In Here Comes Destructosaurus (April) from author Aaron Reynolds—of Creepy Carrots and Carnivores fame—and illustrator Jeremy Tankard, a monster tears up a city in a fit of rage, while an unseen narrator scolds him: “Put that building down, Destructosaurus! Look with your eyes, not with your claws!” Old monster movie stills were used to conceptualize the title character in this charming book, and adults will likely chuckle at its clever nods to King Kong and other legendary creatures.
As always, hearing words of wisdom from the editors is one of the best reasons for attending librarian previews; nothing beats learning about the books from an insiders’ perspective.
For example, this gem from Manlove: “Humor gets us to see the world from a new point of view, but when humor is at its very best, it gets us to see ourselves in that point of view; it teaches us to laugh at ourselves. In its truest form, humor is compassion.” According to Manlove, humor—along with a monster-sized portion of silliness—is what we’ll find in Reynolds’s new book—which features several endings, each of which brought big laughs from the crowd.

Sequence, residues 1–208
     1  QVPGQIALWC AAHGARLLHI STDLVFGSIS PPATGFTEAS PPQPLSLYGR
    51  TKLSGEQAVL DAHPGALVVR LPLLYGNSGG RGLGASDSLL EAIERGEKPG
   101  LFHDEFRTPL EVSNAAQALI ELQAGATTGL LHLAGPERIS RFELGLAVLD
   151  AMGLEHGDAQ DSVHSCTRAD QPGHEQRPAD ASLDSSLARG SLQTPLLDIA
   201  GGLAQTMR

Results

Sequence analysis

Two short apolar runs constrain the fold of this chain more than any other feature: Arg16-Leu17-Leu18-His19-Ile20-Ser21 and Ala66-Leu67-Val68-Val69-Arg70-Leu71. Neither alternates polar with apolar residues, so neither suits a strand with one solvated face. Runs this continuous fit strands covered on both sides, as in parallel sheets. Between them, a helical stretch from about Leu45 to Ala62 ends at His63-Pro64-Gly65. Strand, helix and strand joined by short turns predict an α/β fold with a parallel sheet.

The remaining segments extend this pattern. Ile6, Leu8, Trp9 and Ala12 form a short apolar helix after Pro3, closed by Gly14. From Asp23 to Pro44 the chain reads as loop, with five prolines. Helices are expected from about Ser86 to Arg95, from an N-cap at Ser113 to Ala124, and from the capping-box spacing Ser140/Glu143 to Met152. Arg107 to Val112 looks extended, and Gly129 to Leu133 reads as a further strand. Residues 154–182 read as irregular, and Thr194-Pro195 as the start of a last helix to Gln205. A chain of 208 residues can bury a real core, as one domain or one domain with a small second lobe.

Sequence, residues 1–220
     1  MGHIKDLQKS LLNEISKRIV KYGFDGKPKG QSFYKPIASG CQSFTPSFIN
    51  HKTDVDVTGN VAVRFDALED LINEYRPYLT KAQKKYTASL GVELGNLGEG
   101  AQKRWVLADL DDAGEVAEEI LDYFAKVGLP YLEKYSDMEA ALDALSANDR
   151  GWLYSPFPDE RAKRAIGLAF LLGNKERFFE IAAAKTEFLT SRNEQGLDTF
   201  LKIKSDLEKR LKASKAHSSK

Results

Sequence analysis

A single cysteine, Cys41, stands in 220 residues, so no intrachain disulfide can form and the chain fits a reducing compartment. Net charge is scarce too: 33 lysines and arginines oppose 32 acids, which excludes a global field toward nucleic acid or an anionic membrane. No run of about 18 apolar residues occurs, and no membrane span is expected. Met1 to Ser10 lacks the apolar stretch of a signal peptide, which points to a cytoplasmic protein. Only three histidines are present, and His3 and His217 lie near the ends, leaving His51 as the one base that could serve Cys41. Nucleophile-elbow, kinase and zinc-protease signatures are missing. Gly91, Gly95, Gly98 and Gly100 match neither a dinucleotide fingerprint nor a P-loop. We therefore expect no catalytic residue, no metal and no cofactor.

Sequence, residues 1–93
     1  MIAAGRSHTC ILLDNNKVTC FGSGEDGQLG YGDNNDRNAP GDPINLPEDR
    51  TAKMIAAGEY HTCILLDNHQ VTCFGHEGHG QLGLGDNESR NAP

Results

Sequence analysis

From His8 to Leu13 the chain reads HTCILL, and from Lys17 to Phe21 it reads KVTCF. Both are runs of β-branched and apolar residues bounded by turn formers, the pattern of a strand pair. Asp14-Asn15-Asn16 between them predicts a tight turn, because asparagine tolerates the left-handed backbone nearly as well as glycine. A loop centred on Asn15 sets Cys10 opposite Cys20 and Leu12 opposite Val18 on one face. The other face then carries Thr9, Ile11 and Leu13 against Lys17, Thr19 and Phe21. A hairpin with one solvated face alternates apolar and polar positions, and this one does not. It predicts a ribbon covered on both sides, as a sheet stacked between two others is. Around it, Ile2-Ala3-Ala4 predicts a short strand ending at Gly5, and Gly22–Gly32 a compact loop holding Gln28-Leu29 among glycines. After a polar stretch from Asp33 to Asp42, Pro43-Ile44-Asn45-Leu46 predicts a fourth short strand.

Teachers, parents, kids, and librarians alike will enjoy At the Same Moment Around the World, which shows what kids are doing in each of the original 24 time zones. Backmatter also reveals the history of time keeping, why time zones were invented, and how we tell time now.
Says editor Ariel Richardson, “The original cover had three kids sitting in a tree playing with a toy globe and we worried it didn’t really convey the concept of the book. The new cover wraps around the case, showing the full globe.” It really is a lovely offering; it’s due out in April.
My favorite book presented in the young people’s category was I Didn’t Do My Homework Because…, due out in March with a sequel set for spring 2015. The book’s back story is an interesting one: we learned that editor Naomi Kirsten acquired it in late October 2012, and just a few months later her team had a complete book, with printer-ready files, garnering interest from 77 publishers in 16 territories. Before this book has even been released in English, there are eight co-editions.